Friday, March 16, 2007


Coromandel Cuisine of India
30 Division St.
New Rochelle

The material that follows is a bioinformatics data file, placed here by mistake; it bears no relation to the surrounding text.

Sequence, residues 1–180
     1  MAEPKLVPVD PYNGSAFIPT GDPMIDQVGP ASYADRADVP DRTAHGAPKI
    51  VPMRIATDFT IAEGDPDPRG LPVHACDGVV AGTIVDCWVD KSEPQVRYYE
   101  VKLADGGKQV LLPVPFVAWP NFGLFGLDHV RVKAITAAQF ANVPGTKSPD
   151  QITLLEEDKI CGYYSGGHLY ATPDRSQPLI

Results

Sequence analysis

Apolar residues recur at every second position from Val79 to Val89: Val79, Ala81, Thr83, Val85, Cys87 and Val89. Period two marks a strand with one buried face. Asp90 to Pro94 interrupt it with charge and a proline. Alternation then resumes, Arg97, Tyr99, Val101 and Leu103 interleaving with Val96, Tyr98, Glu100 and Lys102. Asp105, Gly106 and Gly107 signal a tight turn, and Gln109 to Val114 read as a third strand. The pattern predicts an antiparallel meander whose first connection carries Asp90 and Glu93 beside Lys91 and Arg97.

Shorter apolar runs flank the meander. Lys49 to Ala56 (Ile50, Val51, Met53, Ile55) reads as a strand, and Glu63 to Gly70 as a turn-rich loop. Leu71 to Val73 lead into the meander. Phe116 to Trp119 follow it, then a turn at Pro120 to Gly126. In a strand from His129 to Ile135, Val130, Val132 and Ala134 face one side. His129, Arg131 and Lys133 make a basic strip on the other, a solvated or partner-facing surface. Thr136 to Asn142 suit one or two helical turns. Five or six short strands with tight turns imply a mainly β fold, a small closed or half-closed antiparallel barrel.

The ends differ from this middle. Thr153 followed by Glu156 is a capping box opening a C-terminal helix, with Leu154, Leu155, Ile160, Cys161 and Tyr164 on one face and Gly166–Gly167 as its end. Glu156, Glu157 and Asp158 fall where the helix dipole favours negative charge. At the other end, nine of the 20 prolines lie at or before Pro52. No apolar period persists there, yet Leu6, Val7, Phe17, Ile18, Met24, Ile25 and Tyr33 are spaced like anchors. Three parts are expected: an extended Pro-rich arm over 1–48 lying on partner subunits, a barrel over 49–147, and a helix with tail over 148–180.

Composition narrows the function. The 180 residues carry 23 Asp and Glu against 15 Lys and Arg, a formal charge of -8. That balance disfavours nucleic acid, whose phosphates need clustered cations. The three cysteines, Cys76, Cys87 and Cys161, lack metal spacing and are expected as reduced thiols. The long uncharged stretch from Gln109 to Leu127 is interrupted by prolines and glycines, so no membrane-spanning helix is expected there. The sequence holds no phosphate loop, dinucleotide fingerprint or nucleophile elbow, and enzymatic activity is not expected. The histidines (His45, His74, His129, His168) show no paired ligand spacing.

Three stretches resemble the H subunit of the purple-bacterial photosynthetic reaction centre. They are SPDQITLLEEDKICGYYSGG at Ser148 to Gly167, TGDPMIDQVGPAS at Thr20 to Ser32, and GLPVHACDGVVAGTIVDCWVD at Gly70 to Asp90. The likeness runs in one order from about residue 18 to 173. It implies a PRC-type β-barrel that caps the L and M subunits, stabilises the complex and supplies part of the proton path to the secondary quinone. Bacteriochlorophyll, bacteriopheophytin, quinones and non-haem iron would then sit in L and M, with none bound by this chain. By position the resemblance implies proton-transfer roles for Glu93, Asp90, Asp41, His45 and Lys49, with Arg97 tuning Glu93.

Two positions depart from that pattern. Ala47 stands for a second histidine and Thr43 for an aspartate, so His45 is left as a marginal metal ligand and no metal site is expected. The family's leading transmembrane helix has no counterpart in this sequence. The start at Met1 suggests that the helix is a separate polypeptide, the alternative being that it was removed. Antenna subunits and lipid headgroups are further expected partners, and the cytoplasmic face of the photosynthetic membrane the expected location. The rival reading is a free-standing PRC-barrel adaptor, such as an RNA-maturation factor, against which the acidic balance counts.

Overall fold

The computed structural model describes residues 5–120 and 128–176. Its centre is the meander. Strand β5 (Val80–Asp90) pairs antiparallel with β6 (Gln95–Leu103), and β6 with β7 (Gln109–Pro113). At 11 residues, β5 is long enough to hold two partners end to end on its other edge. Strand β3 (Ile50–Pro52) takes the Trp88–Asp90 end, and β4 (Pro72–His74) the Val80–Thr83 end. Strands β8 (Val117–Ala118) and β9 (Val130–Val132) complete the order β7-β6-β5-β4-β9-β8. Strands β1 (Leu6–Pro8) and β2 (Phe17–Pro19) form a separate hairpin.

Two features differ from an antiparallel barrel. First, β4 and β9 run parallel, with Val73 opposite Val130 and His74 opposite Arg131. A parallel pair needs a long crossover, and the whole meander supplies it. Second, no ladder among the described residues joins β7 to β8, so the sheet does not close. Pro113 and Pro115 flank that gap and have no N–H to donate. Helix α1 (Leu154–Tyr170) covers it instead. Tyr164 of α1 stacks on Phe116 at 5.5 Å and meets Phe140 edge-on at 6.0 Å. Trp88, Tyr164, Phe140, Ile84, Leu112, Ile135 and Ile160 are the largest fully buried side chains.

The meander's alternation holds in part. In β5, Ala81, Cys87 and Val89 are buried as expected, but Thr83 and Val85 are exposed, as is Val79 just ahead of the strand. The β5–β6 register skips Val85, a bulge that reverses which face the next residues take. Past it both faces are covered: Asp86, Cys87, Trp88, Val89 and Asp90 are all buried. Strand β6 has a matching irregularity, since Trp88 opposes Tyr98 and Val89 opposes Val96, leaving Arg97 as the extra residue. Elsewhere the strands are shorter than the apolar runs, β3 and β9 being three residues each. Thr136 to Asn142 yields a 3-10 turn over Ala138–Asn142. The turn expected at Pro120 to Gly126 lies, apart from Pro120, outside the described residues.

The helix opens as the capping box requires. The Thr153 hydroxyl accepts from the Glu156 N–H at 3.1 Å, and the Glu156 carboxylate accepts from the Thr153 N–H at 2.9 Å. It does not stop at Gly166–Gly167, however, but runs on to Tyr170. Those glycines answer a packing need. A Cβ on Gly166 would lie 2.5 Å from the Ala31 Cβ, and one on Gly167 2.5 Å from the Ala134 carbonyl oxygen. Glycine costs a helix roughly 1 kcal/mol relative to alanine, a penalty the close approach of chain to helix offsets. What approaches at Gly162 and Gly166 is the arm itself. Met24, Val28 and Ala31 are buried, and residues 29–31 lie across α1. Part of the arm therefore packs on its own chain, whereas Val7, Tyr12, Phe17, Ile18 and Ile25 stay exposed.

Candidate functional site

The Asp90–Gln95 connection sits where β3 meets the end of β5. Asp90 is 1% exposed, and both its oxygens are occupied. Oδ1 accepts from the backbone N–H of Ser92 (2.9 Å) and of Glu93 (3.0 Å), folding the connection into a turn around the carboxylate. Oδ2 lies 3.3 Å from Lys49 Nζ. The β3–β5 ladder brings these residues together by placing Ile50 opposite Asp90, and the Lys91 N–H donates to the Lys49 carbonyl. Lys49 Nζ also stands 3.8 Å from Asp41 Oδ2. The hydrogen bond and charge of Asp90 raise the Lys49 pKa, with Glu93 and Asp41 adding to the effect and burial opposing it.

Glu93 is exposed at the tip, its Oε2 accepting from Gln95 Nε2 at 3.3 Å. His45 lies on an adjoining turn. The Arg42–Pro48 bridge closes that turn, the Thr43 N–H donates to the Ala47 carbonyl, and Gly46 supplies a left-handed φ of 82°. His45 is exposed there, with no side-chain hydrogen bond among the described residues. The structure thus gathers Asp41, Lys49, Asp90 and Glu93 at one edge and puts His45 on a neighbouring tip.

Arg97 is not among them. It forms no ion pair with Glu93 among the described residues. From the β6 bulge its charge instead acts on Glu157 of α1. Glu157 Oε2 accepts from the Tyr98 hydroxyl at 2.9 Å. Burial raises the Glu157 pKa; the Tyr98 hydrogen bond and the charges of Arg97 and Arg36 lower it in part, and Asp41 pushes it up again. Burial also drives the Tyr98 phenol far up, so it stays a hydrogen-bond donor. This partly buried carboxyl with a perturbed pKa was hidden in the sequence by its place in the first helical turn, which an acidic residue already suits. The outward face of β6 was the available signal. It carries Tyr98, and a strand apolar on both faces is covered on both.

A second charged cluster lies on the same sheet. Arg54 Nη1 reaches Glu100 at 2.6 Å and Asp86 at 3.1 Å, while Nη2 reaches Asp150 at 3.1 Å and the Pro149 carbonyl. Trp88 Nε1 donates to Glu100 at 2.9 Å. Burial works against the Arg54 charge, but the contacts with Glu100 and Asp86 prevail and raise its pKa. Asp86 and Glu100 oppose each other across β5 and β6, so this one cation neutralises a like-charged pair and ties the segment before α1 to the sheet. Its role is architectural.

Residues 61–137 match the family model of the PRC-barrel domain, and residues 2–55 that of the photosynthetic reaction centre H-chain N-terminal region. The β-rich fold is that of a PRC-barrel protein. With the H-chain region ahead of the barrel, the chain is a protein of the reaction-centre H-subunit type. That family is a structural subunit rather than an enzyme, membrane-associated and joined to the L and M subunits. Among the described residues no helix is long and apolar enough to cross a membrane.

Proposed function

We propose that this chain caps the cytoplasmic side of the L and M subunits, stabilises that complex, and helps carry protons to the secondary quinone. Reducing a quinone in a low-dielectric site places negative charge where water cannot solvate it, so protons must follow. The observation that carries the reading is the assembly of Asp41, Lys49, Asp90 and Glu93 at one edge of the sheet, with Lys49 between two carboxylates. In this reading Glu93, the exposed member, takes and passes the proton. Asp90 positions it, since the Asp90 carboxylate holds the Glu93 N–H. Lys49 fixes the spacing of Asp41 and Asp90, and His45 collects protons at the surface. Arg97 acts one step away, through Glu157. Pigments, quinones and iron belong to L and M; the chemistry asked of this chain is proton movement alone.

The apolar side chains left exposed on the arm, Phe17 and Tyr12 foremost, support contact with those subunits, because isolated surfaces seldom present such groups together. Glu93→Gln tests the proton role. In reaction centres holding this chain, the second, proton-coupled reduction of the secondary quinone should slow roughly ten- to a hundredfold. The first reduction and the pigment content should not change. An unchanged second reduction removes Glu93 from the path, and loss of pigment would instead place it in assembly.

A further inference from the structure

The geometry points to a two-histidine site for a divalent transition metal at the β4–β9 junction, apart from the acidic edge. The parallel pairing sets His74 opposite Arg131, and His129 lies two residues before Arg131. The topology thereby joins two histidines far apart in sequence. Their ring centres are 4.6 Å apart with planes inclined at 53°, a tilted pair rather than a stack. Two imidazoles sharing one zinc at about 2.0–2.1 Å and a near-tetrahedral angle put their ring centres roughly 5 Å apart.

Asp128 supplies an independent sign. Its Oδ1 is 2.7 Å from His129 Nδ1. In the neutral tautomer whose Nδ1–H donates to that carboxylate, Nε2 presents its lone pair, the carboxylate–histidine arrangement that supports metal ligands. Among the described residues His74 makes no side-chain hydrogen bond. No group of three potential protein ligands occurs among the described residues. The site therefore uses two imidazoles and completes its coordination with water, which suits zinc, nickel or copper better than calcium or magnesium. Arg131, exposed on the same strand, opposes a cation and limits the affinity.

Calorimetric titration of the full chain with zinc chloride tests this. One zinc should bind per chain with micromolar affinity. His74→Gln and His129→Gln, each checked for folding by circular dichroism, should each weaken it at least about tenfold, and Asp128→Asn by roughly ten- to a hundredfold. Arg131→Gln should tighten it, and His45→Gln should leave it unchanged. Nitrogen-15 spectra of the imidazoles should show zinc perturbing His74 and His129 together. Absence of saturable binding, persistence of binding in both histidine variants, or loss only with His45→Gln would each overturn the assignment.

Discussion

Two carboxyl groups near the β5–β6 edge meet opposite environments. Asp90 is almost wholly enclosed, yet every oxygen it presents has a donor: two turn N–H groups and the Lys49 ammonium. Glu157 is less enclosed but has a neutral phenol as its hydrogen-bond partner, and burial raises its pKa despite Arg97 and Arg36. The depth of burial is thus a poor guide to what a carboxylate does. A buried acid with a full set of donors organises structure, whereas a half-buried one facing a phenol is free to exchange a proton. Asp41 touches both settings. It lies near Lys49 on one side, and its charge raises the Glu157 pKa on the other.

Two visits to Coromandel in New Rochelle and I am bewildered, as one is with a bright, but undisciplined child. Are these the makings of a brilliant, but moody cook? Was that Calamari, blended in with spices that made this dish feel a fabric of Indian cuisine for hundreds of years? But did not those Gulab Jamuns hit me with a slightly sour note? Uneven food, but I would go there again. In a heartbeat. Coromandel could be called “tending towards New Indian”, and they are certainly not afraid to stretch your experience to new, and at times improvised, Indian dishes that you would would be hard pressed to get elsewhere. At dinner one night we had Salli Boti, a lamb dish cooked with onions and sprinkled with crisp potatoes and apricots. We also had the Gostaba, yogurt marinated lamb cooked in a tandoor. Both excellent, different, arcane Indian fare, from the Parsee and the Kashmiri communities from India. I emphasize different since both these peoples are slightly apart from the Indian mainstream. The Parsees, Zoarastrian emigres from Persia from about a thousand years past have maintained their own distinct culture in the course of this time (the most famous of Parsis in the West have to be Freddie Mercury, a.k.a. Farhad Bulsara and Zubin Mehta), as have the Kashmiris, isolated by their montainous residence. This was great food and that thirty minute ride from Northern Westchester did not go in vain. But a repeat visit on Mother’s day brunch and a couple of other non-vegetarian dishes had me wondering if we were experiencing the same cook that afternoon. The fish, which needed just a few minutes on a hot flame, was leached in a curry till it had nothing left to give to the diner. The chicken was insipid, overdone, the kababs wonderfully spiced were a tad dry. But steer away for a moment from non-vegetarian dishes since the truer test of Indian culnary skills lie in how you treat your vegetables. You can always mask your sins (to some extent) with meat by a nice yogurty marinade, but getting a curry or bhaji out of vegetables without destroying their freshness is not an easy task. Like dogwoods in a forest in early summer, little flakes of coconut peaked thru a mass of beans, perfectly cooked and delicious. Okras, finely battered and just slightly crisp on the outside cooked in a sort of dry curry. Mushrooms as appetizers, cleanly tasteful. And Coromandel prepares its own Kulfi, Indian ice cream brought over around the 16th. century by the Mughals by way of Persia and Afghanistan. Kulfi is denser and contain less mixed in air volume compared to ice cream. That is what I had the first time, and that is what I will order the next time that I am there which, I am sure, will be soon.
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